Business, Finance & Economics

View from Beijing: Currency manipulation and the US Congress


A Chinese bank worker counts a stack of 100-yuan notes at a bank in Hefei, east China's Anhui province on February 27, 2011.



BEIJING, China – Gloom and doom continue to pour from Beijing over passage by the U.S. Senate of a measure that could punish China for currency manipulation.

Yet the real impact of the political spat and potential for a serious trade war are far from certain.

Chinese officials have warned that the bill, which appears unlikely to make it through the House of Representatives, would cost American jobs and spark a trade war between the two countries. American lawmakers, tired of the slow pace of China’s currency liberation, are seeking a change in the system that many believe gives China a trade advantage by keeping its yuan pegged below its true value.

“It is a serious breach of WTO rules, which cannot solve the U.S.’s own economic and employment issues, and will ... seriously interfere with Sino-U.S. economic and trade relations,” China Foreign Ministry spokesman Ma Zhaoxu said this week.

And on Friday, in televised remarks, Chinese Premier Wen Jiabao warned of what he sees as rising protectionism among China’s trade partners. Though he didn’t reference the U.S. legislation specifically, Wen said he is concerned that trade protectionism will put the breaks on global economic growth

Criticism of the proposal is not limited to Chinese officials, however, indicating deeper concerns that a political fight over currency will trickle down into other areas. This week, the leading U.S. business organizations for American companies in China, the American Chambers of Commerce in Beijing and Shanghai, chimed in with their own opposition to the legislation.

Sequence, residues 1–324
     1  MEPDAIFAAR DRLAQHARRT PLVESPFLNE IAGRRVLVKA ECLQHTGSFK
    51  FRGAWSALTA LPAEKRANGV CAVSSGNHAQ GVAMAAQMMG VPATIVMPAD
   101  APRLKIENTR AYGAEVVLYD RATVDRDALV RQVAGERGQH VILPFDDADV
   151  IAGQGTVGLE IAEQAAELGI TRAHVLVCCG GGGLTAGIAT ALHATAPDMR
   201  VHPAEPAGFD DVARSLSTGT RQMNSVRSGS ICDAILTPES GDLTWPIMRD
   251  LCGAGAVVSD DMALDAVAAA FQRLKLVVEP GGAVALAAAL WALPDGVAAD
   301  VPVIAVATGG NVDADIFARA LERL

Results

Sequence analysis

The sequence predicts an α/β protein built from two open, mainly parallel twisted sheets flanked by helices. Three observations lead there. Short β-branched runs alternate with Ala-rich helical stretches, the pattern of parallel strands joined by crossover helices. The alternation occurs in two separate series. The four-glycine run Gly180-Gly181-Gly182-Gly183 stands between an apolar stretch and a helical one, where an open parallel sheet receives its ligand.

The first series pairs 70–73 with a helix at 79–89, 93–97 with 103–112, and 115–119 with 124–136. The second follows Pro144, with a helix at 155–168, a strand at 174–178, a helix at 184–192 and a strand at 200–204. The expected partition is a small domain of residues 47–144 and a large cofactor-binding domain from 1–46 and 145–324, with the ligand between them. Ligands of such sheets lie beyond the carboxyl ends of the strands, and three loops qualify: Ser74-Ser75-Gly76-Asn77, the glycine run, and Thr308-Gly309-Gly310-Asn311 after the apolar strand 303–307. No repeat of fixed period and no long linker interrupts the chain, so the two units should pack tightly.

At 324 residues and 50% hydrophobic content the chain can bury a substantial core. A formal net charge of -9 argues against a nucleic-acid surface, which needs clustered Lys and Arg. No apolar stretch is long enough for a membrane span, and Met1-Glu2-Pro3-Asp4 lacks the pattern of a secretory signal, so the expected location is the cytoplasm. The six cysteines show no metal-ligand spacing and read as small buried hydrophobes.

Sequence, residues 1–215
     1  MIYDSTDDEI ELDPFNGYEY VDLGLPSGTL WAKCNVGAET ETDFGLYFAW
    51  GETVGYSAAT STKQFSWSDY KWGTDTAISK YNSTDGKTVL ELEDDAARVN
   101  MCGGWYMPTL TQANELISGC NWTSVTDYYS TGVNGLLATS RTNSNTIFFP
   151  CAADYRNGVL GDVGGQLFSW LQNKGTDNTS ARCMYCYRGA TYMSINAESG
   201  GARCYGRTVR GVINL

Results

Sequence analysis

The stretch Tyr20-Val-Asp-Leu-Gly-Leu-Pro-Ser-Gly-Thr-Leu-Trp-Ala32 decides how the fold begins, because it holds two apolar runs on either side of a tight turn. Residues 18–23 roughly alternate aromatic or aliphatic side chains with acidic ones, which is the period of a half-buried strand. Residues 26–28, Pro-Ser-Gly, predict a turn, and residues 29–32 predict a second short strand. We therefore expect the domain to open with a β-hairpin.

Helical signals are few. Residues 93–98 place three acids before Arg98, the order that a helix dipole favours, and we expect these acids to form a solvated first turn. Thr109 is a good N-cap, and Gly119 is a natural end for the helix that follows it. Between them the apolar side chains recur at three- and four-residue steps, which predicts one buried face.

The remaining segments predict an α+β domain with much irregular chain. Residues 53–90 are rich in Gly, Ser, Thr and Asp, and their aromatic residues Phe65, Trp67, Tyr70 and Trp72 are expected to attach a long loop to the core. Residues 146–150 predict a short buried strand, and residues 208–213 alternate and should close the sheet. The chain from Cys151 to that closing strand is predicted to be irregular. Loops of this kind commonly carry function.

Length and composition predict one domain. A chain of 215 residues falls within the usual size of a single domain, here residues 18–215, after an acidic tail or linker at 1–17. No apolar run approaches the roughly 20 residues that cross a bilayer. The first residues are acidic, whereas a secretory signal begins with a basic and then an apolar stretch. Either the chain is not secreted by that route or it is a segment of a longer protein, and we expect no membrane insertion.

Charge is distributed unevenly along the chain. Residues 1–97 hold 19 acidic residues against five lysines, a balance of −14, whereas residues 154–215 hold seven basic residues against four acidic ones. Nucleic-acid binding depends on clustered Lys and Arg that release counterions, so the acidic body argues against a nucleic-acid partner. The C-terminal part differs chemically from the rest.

“The Senate bill would damage the bilateral trade and investment relationship, weaken our standing in the World Trade Organization, and damage our national interests,” AmCham-China Chairman Ted Dean said in a statement. “We oppose it. It should not become law.”

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AmCham-China said U.S. government attention would be better focused on critical issues like protection of intellectual property. Separately, the Shanghai chamber said the U.S. government should instead focus on Chinese market limitations for American goods and services, rather than the currency problem.

“AmCham Shanghai believes currency legislation passed this week by the United States Senate is unlikely to achieve its end goal — to create American jobs — and distracts attention from important challenges facing the U.S.-China commercial relationship,” said the American Chamber of Commerce in Shanghai.

Some Chinese political scientists are taking a more relaxed approach, saying there’s no need for either side to get so worked up over the legislation. Congress has once before threatened to punish China for currency manipulation and that didn’t seem to damage the relationship.

“What the Chinese government should focus on is to examine comprehensively the current currency system, valuation formation and exchange-rate level to see whether they fit the changing domestic and international economic situations, and whether they serve nation interest,” said Yi Xianrong of the Institute of Banking and Finance at the Chinese Academy of Social Sciences

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“If (China’s) national interest is well served, who cares about what the Senate bill says?” he added.

But Lu Zhengwei, chief economist at the private Industrial Bank, said the bill is a sign of larger political implications.

“The passage of this bill should serve as a gauge of Americans' attitudes,” said Lu. “We should be alarmed that more and more Americans accept the idea that yuan is causing the problems of the U.S.”

“This bill is part of the political tricks before the 2012 election,” he added. “They have to blame someone for the problem. But the fact China is being blamed proves its status as an important player.”

As it stands, China appears firm on moving the yuan on its own timetable. The currency did appreciate noticeably this week, but there have been no indications of a major change afoot.

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